The following blog is written by Rachel Gilson and is part 4 of our series, "Gay" vs. '"Same Sex Attraction:" A Dialogue. Rachel is the director of theological development for Cru Northeast. You can find more of her writing at rachelgilson.com.
The concerns of my brother Greg are stated with charity and gentleness but are ultimately unpersuasive given the world we live in right now.
He is absolutely right that in some corners, “same-sex attracted” carries significant ex-gay baggage. I have met several Christians who had such difficult experiences in that movement as to make use of language those ministries preferred impossible. This is entirely understandable and should be accommodated.
However, that language affected only a very small percentage of the general population of the Western world. And any Christian who is a young millennial or generation Z has an even smaller chance of having been affected by it. Most humans, on the mention of same-sex attraction, would have absolutely no prior experience with the term. So little, that it would be impossible to sound like “Christianese,” because there’s nothing inherently Christian about it. This is why the secular self-identified lesbian sociologist Lisa Diamond uses it – it’s a simple way to refer to a real phenomenon that doesn’t have all the extra associations of the word “gay.”
When I have used “same-sex attraction” with highly secular young people, they don’t stare at me in open-mouthed confusion. The words all make sense, and they make sense in a unit together. Is it occasionally cumbersome? Mildly. But there is no baggage there, and we are off and running in conversations about what sexuality is and what God has to say about our bodies.
In fact, I would assert that “same-sex attraction” works just as well using Greg’s three-point rubric, and perhaps even better than “gay,” among those who are not Christians. Gay signals things I don’t mean to this crowd; same-sex attraction does not. SSA isn’t a taboo, because people largely haven’t heard of it. And three, I’m avoiding “homosexual” and other such weighted terms, which would definitely ring alarm bells for the secular audience. I’m able to challenge their notions about sexuality, about what a Christian is allowed to feel, precisely in my choices as a missionary to use this language. They can see that I’m comfortable in my own skin, and that Jesus is very precious to me.
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I’m not trying to deny that this language has a history – as someone who adores context, that would be abhorrent to me. But given the demographic realities of the West, those associations are overstated, and ignore that LGBT+ language actually poses more risk for misunderstanding given its everyday usage. It can also ignore the history of the “gay and straight” language project (see Hanne Blank’s excellent Straight: The Surprisingly Short History of Heterosexuality), and obscure the fact that the majority of people who experience attractions toward people of the same gender do not use words like gay and lesbian, because their attractions are not exclusively towards the same-sex. Same-sex attraction is a great term for the vast number of people who experience some level of fluidity and variability in their attractions (see the research by aforementioned Lisa Diamond on this), and also works for those who experience exclusive or near exclusive attractional patterns.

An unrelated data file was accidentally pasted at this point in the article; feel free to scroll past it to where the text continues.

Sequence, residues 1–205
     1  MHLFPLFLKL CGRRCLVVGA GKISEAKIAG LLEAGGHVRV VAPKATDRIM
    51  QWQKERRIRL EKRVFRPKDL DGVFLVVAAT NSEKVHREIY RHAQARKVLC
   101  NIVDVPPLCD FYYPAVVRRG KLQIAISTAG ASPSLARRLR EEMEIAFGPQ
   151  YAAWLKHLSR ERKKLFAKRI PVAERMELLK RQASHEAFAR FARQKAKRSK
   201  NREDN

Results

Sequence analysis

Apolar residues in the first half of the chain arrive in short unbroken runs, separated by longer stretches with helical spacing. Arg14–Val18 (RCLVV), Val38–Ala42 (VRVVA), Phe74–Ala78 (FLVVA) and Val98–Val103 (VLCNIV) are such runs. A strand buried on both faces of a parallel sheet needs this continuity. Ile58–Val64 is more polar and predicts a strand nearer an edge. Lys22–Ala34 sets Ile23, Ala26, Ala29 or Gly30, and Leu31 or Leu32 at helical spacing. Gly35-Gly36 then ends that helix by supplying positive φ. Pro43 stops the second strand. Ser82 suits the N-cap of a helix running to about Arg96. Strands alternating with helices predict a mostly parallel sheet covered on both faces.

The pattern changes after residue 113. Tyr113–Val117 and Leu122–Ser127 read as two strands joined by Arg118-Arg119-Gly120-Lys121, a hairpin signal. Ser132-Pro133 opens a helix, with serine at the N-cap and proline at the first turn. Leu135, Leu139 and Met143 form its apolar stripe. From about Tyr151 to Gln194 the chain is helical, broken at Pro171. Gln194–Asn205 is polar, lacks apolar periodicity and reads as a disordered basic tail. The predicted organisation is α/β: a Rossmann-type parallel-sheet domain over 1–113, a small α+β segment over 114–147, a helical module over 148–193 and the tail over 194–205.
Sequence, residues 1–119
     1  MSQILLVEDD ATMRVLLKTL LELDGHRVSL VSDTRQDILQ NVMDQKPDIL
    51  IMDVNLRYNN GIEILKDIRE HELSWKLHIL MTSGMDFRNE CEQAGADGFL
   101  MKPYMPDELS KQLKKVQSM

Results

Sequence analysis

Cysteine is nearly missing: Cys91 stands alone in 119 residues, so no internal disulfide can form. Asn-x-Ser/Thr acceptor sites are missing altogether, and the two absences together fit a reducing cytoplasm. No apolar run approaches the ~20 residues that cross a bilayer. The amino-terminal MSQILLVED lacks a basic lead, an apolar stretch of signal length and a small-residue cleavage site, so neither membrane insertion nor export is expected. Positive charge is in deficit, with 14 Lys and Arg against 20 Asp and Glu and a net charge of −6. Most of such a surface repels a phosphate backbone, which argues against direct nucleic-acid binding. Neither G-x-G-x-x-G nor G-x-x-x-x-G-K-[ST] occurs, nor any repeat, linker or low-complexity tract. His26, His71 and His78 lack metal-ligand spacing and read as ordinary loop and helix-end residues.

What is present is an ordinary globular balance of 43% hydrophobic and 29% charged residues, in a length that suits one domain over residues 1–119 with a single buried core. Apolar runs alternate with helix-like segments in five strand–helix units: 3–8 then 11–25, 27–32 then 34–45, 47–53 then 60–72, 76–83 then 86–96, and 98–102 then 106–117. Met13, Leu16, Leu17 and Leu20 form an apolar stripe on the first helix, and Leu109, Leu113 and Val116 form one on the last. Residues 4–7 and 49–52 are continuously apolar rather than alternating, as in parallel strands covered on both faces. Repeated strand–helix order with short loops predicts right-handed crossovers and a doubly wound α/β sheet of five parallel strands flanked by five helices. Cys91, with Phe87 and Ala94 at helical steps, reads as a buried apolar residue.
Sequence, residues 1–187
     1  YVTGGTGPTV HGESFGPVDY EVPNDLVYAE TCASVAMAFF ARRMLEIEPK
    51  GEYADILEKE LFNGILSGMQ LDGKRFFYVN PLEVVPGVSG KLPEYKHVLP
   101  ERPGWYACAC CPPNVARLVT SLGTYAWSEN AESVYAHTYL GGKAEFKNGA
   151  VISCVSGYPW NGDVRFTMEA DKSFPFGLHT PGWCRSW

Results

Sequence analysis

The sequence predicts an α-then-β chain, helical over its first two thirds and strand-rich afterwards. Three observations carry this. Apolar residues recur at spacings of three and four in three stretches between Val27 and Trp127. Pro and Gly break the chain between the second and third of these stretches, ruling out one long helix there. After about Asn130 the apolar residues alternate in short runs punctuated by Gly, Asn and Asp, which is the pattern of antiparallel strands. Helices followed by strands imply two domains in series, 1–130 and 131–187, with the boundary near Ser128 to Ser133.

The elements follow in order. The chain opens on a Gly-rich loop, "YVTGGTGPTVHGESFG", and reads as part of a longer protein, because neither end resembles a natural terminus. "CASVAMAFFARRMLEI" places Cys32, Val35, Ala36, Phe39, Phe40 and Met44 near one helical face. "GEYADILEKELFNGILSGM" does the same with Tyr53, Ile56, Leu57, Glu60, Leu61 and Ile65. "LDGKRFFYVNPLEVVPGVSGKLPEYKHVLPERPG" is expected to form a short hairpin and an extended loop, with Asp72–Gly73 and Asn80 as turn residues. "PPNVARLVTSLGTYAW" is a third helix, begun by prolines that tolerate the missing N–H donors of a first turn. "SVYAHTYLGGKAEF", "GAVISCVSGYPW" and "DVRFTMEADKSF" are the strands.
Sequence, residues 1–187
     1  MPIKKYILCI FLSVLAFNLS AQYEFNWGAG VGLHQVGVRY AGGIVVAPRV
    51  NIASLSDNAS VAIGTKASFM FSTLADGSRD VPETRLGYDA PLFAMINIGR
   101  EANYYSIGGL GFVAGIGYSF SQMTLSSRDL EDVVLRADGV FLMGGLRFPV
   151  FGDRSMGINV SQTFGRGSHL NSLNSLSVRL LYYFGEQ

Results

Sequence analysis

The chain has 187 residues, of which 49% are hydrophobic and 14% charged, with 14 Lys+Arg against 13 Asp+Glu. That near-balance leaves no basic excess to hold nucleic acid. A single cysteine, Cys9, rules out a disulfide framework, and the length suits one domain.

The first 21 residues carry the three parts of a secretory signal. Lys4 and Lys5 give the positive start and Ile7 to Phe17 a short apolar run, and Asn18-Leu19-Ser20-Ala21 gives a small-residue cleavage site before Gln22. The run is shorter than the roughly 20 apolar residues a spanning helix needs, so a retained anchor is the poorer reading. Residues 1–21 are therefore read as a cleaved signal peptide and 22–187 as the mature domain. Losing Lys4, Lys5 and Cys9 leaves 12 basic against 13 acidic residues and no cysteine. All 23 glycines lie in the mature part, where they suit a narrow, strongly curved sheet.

I’m more compelled by Greg’s words on critiquing the church. We have sowed so many problematic seeds, and yet act surprised at what we’re reaping – or like it’s only the world that came in with weeds. Until we repent of harmful and unbiblical ways we have treated people and talked about sexuality, there will be no healing. God is not honored.
In this effort to bring recognition of sin and error in the church, many tactics are needed. As in any movement of reform of a large group, there are broadly three types of agitators for change: radicals, progressives, and moderates. When a conservative body is presented with only moderates, no change happens. Comfort continues. This would be a tragic result. If faced with only radicals, there is dismissal and again, little change. Progressives can fall into either place, with attempts to accommodate them and dismiss them alternating. If you want to see this dynamic happening large, study the history of the abolition movement in the United States. There were many styles of attacking slavery, none of them perfect. And all were needed to turn the ship, even as each group attacked each other for being foolish and lacking strategy.
So too, it is not surprising that we see a variety of tactics to reveal to the church her sins and complacency. And I think there can be a place to strategically use LGBT+ language in these efforts. But again, the most helpful correction I think comes from using language that doesn’t put up walls, so that hard ideas have a chance to penetrate. That makes “same-sex attracted” ideal for use in most church settings. It smooths the path to biblical conviction when used well.
Greg’s concerns are valid, but unconvincing. Same-sex attraction does not pose the missional threat that is claimed, nor is it unhelpful in correcting the conservative church. We do need to adopt special care with those who by age and experience have pain with the term; to not recognize this is to not act in love. These siblings are an important demographic in this conversation, and not to be brushed aside. But our largest demographics of concern – the young and unchurched, as well as conservative churches – are going to be best served by non-LGBT+ language, and same-sex attraction serves well.